Israel is a modern country with buzzing cities that lie alongside its wealth of historical treasures. Let loose in party cities Tel Aviv and Eilat or head to laidback Haifa to relax with the locals for a few days.
Tel Aviv is by far the liveliest and most cosmopolitan city in the country © Igor Rogkow, Dreamstime
The lively, cosmopolitan hub of Tel Aviv takes pleasure in its role as the country’s economic, commercial and diplomatic centre, its wild beaches and secular way of life providing Jerusalem’s diametric opposite. This colourfully loud and flamboyant city has an almost hedonistic atmosphere, where the main concerns are what to wear, where to be seen and where to party.
The massive dome of the Shrine of Bab dominates the Haifa skyline © Eve81, Shutterstock
Cascading down the slopes of Mount Carmel towards the sandy beaches of the Mediterranean, Israel’s third-largest city is often overlooked as a tourist destination, yet the city has a lot going for it, and is a great place to spend a few days. Prosperous industries, a large hilltop university, countless historic sights, neighbourhoods old and new, a fascinating collection of museums and a lively restaurant and bar scene make Haifa a firm favourite among Israelis and a pleasant contrast to Jerusalem and Tel Aviv.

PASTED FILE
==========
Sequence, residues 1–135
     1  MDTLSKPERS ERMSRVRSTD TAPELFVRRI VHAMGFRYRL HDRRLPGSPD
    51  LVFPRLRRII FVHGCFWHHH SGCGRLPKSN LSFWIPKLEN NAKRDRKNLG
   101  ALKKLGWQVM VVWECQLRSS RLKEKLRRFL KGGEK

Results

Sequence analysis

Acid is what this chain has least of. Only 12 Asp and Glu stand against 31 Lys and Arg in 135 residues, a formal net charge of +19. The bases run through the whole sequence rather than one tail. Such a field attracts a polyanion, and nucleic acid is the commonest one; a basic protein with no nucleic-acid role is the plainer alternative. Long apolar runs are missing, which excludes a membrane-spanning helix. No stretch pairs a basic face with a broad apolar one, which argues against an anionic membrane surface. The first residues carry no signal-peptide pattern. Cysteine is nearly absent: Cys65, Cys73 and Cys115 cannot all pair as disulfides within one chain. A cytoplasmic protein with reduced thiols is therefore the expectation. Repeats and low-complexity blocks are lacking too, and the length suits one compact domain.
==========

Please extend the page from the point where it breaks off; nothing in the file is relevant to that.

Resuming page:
Eilat’s scores of resort hotels are a draw with partygoers and dedicated scuba divers alike © StockStudio, Shutterstock
In the far south of the country, perched on the tiny strip of Red Sea coast that Israel lays claim to, Eilat is something of an Israeli Las Vegas. Row upon row of big chain hotels line the coast, the glittering Red Sea water swarms with all manner of sea craft, and the neon-lit pedestrian strip is crammed with restaurants and beach bars. Nevertheless, it has managed to maintain a noisy family atmosphere, especially on the beaches further along the south coast and enjoys almost 365 days a year of sunshine, making it the country’s only beach resort that quite literally never stops.
Historically, the land that is modern-day Israel has always stood on a great world crossroads, where empires, religions and cultures clashed or convened. Today that means historical and archaeological ruins can be found in abundance and sites like Tel Meggido, Masada and Beit Shean are but the tip of the iceberg.